In fact, with a comfortable majority in the Commons, and a possible majority in the Lords, the government could find that it reinforces the majoritarian culture at Westminster rather than undermining it. This is what happened during the early years of the Scottish parliament, when the coalition’s majority numbers and tight whipping made the parliament more subservient than its founders had hoped. But the promise of Clegg and Cameron’s coalition is built on a further round of reforms that may yet transform Westminster.
The Lib-Con agreement contains a long list of such reforms: fixed-term parliaments, a referendum on electoral reform, committees on an elected House of Lords and the West Lothian question, further proposals to reform the Commons, along with more devolution in Scotland, reforming party funding, a right of recall for MPs, and a statutory register of lobbyists. The prospects for delivering many of these are good: they cost little, so need not be undermined by cuts in public spending. That said, most of these are not landscape changers on a par with devolution or the Human Rights Act. The ones that are landscape changing are fixed-term parliaments, electoral reform and an elected House of Lords. All three would strengthen parliament; and all are a significant challenge to the executive domination and majoritarian culture of Westminster. They are the test case of the coalition’s capacity to change that culture for ever.
The first—fixed-term parliaments—were supported by Labour and the Lib Dems in their manifestos, but not by the Tories. Fixed-term parliaments deliver greater stability, and are fairer to the opposition—until now it has been the prerogative of the prime minister to choose the election date to suit their own advantage. But such a move would also require a safety net to allow an ineffective government to fall midterm, or a deadlocked parliament to be dissolved. It is here that the coalition has run into controversy, with its proposal for a 55 per cent threshold before dissolution. This was intended to prevent the government calling an early election without the consent of both coalition partners. But it was misinterpreted as changing the simple majority required for a no-confidence motion. If the government is defeated on a such a motion, Cameron would have to resign and his government would fall. An alternative government could then be formed or (more likely) fresh elections held. The row over the threshold obscured the government’s greater audacity in proposing a fixed term of five years. Australia and New Zealand both have three-year maximum terms. Canada’s federal legislature and many of its provinces have four-year terms, as do the devolved legislatures in the UK. So a five-year term is long by comparison with most other Westminster-based systems.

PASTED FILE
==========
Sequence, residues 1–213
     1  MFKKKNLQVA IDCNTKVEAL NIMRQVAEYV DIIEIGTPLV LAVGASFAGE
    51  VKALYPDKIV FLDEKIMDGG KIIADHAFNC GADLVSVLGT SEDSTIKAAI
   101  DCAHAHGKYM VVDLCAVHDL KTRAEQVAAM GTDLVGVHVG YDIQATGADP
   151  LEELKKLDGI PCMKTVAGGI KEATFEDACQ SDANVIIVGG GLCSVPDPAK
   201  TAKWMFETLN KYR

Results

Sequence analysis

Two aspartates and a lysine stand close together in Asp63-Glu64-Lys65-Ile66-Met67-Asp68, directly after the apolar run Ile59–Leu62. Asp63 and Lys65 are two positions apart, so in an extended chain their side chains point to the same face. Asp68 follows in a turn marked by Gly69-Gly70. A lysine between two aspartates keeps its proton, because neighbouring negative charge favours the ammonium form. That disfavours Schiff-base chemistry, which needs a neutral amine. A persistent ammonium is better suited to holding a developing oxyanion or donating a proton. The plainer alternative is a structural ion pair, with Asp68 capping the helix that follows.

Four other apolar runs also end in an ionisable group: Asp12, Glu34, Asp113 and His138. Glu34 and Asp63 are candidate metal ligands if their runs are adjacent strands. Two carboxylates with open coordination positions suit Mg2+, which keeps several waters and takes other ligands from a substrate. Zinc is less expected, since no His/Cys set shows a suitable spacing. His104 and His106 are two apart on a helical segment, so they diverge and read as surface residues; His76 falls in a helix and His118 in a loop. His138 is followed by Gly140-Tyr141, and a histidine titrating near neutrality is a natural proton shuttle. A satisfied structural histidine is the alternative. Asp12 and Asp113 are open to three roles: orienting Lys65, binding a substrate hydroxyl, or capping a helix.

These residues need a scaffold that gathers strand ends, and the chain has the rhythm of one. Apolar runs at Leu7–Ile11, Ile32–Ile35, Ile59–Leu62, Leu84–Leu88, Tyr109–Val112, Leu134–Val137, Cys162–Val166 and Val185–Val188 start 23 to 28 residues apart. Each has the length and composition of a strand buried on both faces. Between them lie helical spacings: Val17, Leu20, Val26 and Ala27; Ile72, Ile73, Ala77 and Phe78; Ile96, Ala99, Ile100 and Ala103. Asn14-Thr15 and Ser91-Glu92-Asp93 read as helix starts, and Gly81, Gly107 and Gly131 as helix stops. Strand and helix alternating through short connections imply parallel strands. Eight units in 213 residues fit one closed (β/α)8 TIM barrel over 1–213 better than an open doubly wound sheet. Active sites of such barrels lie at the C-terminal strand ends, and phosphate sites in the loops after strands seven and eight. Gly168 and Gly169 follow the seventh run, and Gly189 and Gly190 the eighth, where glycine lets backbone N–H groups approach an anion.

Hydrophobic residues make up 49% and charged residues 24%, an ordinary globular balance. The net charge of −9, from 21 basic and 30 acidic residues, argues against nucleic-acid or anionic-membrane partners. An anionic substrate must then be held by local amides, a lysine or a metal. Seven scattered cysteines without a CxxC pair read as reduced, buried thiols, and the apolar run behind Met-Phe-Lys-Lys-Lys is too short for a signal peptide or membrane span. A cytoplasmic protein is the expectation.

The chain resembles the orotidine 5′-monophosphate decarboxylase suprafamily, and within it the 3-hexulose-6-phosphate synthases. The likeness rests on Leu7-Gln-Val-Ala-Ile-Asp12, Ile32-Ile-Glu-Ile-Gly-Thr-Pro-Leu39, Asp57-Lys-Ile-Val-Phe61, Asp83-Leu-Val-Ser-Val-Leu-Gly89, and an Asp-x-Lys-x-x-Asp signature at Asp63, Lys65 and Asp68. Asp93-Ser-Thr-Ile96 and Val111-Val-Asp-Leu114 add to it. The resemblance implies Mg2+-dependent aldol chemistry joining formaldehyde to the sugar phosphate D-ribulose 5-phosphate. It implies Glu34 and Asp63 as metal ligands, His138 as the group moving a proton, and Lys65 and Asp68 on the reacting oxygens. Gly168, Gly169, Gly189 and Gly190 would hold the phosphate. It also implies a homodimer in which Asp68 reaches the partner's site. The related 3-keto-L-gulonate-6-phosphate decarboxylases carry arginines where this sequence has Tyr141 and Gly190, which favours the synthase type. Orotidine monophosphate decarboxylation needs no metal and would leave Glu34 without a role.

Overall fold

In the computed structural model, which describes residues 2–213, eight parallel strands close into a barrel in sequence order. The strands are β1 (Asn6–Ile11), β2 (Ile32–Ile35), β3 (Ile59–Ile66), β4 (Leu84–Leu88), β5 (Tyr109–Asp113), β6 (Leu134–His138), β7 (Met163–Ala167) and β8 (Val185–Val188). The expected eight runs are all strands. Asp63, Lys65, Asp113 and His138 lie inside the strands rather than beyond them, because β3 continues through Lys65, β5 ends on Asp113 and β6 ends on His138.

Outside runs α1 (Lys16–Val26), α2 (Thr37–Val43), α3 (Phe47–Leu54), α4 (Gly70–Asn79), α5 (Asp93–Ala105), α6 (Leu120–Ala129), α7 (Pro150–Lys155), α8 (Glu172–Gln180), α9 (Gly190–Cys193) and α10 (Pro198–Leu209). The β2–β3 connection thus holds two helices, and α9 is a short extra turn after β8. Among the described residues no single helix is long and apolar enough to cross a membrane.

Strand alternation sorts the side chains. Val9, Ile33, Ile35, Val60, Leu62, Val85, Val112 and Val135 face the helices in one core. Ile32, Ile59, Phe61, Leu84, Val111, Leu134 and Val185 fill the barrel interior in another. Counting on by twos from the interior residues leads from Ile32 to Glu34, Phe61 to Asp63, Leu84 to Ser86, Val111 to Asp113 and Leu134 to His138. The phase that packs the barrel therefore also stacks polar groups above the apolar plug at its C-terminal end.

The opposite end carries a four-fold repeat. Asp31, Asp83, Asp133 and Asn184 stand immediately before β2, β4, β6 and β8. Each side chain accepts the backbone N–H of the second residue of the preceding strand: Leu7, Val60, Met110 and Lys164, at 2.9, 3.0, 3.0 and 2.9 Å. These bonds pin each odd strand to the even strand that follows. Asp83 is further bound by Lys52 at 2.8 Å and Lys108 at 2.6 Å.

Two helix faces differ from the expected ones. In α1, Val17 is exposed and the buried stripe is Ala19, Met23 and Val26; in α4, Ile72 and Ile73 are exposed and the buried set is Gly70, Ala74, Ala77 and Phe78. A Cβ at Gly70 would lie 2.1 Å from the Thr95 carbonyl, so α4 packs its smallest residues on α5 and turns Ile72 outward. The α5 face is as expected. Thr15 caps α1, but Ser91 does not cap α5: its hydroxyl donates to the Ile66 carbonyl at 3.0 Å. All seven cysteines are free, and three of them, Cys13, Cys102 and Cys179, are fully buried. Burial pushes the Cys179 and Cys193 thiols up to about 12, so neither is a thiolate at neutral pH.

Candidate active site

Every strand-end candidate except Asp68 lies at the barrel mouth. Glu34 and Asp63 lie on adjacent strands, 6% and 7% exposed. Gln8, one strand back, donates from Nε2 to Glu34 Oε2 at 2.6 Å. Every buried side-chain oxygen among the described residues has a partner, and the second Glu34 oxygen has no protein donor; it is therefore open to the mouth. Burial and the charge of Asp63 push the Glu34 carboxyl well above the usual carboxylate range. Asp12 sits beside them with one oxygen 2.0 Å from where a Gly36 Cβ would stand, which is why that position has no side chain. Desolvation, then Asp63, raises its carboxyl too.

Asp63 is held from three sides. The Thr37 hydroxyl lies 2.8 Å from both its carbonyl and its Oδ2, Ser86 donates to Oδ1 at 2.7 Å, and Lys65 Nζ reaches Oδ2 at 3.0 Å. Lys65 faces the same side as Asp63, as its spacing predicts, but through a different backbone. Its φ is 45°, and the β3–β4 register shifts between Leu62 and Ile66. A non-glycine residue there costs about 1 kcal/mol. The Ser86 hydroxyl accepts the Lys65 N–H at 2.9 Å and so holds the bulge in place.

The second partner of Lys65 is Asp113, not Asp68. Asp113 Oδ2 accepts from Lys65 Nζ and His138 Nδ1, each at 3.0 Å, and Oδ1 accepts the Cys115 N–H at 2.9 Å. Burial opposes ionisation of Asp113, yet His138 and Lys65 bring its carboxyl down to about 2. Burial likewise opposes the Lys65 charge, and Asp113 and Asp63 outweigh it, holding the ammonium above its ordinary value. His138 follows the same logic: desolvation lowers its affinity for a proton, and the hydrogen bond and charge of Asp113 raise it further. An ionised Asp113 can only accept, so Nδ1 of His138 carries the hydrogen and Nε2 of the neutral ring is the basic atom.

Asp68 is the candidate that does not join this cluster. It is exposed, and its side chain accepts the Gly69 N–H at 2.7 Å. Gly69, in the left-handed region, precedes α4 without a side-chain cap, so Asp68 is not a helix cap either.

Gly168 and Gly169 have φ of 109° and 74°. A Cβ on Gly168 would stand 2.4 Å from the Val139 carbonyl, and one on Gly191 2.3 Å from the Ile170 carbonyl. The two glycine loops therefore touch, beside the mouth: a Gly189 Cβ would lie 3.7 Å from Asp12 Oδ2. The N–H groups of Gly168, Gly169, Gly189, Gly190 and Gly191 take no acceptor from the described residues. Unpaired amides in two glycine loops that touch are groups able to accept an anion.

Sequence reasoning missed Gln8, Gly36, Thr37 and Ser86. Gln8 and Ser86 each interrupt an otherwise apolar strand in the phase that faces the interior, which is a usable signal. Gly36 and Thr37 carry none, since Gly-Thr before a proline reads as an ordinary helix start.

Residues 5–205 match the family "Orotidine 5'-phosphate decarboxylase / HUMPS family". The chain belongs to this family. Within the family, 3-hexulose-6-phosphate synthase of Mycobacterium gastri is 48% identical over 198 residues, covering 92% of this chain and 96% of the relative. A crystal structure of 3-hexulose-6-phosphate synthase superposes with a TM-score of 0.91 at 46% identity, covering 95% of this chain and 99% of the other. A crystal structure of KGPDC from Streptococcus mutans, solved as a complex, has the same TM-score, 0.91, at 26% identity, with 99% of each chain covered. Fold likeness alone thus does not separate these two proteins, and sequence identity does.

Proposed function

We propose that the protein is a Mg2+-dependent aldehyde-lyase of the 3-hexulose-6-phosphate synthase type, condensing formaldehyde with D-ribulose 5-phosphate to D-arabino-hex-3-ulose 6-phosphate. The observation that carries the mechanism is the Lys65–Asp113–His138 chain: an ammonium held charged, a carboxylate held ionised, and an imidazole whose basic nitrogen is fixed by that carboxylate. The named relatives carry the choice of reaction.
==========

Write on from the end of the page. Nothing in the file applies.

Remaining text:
Electoral reform (see box below) is possibly the biggest change, potentially ushering in a multi-party system and permanently hung parliaments, as in New Zealand. But the coalition’s compromise proposal of the alternative vote (AV) is neither a proportional system nor would it threaten the two-party system. The Australian lower house is elected by AV, and generally delivers strong, single-party governments. As great a change, and much more difficult to implement, would be the plans to reduce the size of the House of Commons.
Electoral reformers will want to go further, but they should pause and ask which chamber they wish to be more proportional. We have a bicameral parliament, and bicameralism works best when the two chambers are complementary. As my colleague Meg Russell has pointed out, campaigners tend to want PR for the Commons, and to elect the Lords. But if the upper chamber was elected by PR this would make the composition of both chambers too alike. The Tories’ preference that both chambers be elected by first past the post is equally perverse, for the same reason. Here AV begins to look like less of an unhappy compromise, and more of a happy accident: AV for the Commons and PR for the Lords could be the best of both worlds. The Commons would retain a strong link between MPs and their constituents, and the ability to form majority single-party governments. A PR-elected upper house would also build on the strengths of the Lords, whose party balance is already more proportional than the Commons, and allow a wider range of voices to be heard.